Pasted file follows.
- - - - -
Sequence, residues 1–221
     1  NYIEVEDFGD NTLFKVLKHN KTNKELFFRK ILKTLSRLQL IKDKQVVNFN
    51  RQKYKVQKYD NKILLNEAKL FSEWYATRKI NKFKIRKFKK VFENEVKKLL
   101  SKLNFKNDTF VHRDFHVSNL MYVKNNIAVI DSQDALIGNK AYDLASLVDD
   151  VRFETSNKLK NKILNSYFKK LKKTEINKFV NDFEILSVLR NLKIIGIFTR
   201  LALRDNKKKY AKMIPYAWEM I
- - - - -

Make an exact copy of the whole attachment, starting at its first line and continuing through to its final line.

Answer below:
Sequence, residues 1–221
     1  NYIEVEDFGD NTLFKVLKHN KTNKELFFRK ILKTLSRLQL IKDKQVVNFN
    51  RQKYKVQKYD NKILLNEAKL FSEWYATRKI NKFKIRKFKK VFENEVKKLL
   101  SKLNFKNDTF VHRDFHVSNL MYVKNNIAVI DSQDALIGNK AYDLASLVDD
   151  VRFETSNKLK NKILNSYFKK LKKTEINKFV NDFEILSVLR NLKIIGIFTR
   201  LALRDNKKKY AKMIPYAWEM I